September 12, 2016
Via Email [nasaacomments@Nasaa.org]
Mark Stewart, Counsel
NASAA Legal Department
750 First Street N.E., Suite 1140
Washington D.C. 20002
RE: NASAA’s Proposed Amendment to the Statement of Policy Regarding Real Estate Investment Trusts
Dear Mr. Stewart:
I am writing on behalf of the Public Investors Arbitration Bar Association ("PIABA").1 PIABA’s members and their clients have a strong interest in the Model Rules and Statements of Policy issued by NASAA. As you know, our respective Associations often find themselves on the same side with respect to rules and regulations that govern the conduct of securities firms and their representatives. I thank NASAA for the opportunity to comment on NASAA’s Proposed Amendment to the Statement of Policy Regarding Real Estate Investment Trusts (“Proposed Amendment”). However, in the interest of full disclosure, I should preface all that follows in this letter with the admission that PIABA does not believe that non‐traded REITs should be sold to retail investors. Period. Having said that, PIABA commends NASAA on its effort to try to protect investors from the evils of highly risky, illiquid and opaque non‐traded REITs since they do not seem to be going away.
PIABA also wants to acknowledge that this is not the first time that NASAA has tried to implement investor protections by imposing a concentration limit or revising the definition of “net worth.” PIABA is aware that NASAA’s efforts in this regard were nearly uniformly shot down by the securities industry. Based upon PIABA’s limited research into NASAA’s history on these issues, just a sampling of a few of the nearly 90 comment letters that NASAA apparently received in at the of 2006 (when versions of some of the changes now in the Proposed Amendment were previously proposed) reflect what NASAA was (and now, is) up against. More specifically, it is clear that groups such as the Securities Industry and Financial Markets Association (“SIFMA”), the Financial Services Institute (“FSI”) and, not surprisingly, the National Association of Real Estate Investment Trusts, seemed to all take pages out of the same playbook when they touted the benefits of direct participation programs (“DPPs”’) and insisted that the existing then‐NASD rules regarding suitability of those products were sufficient to protect investors.2 At least one of the commenters felt that the proposed language was not even appropriate for State securities regulators and that it was calling on them to … regulate.3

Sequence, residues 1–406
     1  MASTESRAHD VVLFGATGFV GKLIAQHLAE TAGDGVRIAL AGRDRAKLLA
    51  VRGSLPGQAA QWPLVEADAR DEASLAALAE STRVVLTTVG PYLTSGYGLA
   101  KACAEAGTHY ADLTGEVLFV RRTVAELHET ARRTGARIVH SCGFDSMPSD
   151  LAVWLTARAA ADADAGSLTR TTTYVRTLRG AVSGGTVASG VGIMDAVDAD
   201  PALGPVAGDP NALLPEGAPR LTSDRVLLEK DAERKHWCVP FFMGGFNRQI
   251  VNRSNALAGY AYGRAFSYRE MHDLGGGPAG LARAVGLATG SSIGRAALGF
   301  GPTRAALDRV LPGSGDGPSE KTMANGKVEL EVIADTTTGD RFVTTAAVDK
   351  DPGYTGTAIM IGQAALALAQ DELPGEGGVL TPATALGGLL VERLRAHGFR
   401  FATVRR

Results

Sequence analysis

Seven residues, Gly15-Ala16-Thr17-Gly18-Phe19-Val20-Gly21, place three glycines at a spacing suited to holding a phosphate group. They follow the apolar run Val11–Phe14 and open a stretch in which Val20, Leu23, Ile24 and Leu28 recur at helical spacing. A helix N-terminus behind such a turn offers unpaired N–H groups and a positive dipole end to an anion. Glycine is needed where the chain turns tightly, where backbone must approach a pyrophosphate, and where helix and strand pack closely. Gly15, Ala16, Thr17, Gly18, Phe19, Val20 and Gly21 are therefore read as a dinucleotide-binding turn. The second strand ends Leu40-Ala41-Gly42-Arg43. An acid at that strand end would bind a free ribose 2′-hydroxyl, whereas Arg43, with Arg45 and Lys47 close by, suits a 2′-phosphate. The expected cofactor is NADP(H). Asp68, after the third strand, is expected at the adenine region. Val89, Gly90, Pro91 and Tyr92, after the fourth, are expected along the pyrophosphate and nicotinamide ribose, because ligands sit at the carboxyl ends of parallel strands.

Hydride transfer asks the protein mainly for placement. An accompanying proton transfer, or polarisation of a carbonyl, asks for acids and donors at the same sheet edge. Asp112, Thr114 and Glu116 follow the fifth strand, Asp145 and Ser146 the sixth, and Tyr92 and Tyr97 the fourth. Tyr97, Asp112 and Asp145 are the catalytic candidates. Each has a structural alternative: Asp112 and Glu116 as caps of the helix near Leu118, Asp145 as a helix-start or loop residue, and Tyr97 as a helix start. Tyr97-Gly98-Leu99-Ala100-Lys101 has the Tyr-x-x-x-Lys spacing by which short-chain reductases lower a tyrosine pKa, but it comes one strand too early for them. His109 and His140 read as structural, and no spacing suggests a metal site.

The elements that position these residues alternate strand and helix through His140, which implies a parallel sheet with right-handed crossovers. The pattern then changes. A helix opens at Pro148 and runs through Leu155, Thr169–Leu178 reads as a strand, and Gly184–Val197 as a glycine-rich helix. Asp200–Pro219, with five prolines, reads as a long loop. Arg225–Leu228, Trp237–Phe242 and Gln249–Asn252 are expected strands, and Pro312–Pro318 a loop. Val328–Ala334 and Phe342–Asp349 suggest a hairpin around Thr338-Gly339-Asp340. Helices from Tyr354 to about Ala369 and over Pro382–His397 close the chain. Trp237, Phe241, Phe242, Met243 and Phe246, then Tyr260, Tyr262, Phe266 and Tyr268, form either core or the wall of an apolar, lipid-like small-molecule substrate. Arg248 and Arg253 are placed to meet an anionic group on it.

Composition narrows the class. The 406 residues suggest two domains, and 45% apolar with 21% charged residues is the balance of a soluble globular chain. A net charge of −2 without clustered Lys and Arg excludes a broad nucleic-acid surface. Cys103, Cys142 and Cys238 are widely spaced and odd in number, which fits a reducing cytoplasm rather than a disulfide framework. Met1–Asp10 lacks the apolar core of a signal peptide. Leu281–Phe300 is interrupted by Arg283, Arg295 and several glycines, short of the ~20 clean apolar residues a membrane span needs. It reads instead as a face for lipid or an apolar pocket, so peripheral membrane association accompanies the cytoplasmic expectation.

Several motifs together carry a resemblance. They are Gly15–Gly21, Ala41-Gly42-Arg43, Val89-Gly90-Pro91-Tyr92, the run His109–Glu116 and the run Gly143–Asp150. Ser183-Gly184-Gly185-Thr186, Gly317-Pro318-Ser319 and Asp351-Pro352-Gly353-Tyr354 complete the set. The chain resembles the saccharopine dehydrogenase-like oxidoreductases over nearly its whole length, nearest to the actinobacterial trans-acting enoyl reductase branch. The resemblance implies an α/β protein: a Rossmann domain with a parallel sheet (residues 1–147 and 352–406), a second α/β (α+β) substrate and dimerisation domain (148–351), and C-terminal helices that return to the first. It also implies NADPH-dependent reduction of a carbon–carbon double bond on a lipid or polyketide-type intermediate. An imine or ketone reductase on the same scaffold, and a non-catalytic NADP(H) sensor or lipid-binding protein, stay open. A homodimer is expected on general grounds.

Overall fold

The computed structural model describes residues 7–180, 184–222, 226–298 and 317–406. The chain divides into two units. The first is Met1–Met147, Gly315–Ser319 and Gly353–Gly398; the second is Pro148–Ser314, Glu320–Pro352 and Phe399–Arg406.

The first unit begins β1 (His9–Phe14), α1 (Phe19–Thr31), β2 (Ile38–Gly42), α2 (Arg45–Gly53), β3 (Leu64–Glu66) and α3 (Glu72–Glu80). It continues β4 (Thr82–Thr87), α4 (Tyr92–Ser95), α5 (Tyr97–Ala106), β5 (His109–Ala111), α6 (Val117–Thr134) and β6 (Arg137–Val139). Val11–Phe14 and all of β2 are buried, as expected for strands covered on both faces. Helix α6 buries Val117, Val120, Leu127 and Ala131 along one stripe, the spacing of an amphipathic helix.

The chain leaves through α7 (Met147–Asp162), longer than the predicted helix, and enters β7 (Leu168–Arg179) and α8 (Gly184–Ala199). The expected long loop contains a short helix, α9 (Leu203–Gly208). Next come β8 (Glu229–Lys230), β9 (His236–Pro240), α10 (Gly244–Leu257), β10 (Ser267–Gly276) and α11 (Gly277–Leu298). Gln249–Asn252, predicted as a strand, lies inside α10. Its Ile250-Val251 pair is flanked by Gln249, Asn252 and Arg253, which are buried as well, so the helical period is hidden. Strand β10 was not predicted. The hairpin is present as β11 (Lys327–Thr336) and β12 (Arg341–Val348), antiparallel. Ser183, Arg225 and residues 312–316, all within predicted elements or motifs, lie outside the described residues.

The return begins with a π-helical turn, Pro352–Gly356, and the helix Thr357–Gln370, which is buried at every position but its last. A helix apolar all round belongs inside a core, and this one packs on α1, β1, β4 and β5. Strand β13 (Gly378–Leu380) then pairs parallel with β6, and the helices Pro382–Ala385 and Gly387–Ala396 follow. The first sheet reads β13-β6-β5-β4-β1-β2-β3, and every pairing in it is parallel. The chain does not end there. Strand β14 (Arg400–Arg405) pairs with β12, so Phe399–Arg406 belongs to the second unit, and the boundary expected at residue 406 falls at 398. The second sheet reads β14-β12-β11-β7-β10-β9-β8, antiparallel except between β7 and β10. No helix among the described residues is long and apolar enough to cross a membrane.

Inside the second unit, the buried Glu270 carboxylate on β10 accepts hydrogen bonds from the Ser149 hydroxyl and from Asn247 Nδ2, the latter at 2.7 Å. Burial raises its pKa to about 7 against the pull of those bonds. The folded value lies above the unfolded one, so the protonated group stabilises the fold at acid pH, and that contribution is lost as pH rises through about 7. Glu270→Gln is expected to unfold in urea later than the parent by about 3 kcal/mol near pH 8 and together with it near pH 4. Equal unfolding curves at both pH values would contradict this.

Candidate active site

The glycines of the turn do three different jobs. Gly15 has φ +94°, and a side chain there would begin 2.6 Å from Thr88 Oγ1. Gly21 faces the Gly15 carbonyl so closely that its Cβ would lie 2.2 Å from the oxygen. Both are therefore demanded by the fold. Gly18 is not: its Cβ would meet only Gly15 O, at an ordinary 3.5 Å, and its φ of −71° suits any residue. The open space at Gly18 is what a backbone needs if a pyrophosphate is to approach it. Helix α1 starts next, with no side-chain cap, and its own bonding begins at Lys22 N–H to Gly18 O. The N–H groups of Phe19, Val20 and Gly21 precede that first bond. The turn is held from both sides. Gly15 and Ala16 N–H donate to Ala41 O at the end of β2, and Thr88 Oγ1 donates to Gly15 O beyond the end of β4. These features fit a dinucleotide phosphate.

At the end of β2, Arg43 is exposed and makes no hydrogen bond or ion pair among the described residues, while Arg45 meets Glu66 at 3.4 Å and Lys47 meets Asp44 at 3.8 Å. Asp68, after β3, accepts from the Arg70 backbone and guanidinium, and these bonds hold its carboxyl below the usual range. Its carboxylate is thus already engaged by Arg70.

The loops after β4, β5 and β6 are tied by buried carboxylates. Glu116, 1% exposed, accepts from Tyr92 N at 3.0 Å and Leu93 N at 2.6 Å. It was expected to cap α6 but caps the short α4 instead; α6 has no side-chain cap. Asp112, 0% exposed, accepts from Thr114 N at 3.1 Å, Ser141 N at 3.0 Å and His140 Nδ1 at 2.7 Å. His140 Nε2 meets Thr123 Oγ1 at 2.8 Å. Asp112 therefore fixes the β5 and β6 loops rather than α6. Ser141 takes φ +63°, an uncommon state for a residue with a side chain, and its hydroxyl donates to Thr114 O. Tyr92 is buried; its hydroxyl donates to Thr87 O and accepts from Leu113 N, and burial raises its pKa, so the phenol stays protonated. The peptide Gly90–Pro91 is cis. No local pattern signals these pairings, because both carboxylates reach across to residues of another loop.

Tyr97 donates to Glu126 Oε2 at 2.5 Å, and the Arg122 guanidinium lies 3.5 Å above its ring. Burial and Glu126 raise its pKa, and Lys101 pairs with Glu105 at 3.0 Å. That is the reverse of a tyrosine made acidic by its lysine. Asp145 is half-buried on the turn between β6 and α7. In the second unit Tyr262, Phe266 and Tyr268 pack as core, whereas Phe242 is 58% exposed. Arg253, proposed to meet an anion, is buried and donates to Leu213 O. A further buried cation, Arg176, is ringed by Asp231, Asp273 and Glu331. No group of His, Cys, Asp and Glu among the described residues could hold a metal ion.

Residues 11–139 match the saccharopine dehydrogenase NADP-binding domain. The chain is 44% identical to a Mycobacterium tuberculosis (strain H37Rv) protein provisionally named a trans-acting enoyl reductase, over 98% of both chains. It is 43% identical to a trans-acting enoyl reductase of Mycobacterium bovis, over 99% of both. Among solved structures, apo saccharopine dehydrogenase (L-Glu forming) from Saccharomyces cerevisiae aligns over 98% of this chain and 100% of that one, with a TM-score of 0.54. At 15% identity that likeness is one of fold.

The three sample industry comment letters regarding NASAA’s earlier proposal are ironic in that they almost seem offended that NASAA did not trust them to properly apply the existing FINRA rules for DPP sales and they felt that DPPs were such an important part of proper portfolio diversification that it would be unfair to keep a certain segment of the investing public from buying them (e.g., those who could not afford to lose a significant amount of their net worth on DPPs). Little did NASAA, or any of us, know that the very people that NASAA’s previous proposal was trying to protect would desperately need the protection just a few short years later.
In the “Background” section of NASAA’s Notice to which PIABA’s comment letter is responsive, NASAA states that it is “evaluating concentration limits for direct participation programs (‘DPPs’)”, but that the “Concentration Limit Proposal” in the Notice is “the first in an anticipated series in this regulatory area” and “focuses on proposed amendments to the NASAA REIT Guidelines …” PIABA presumes that the “regulatory area” to which the Notice refers is the regulation of DPPs. PIABA supports additional efforts of NASAA to protect retail investors related to the sales of DPPs.
This letter addresses the substantive amendments included in the “red‐line” version of the NASAA REIT Guidelines attached as Exhibit A to the Notice. From PIABA’s perspective, there is still some problematic language in NASAA’s Proposed Amendment relating to concentration limits. More specifically, PIABA finds the following elements of NASAA’s Proposed Amendment troubling: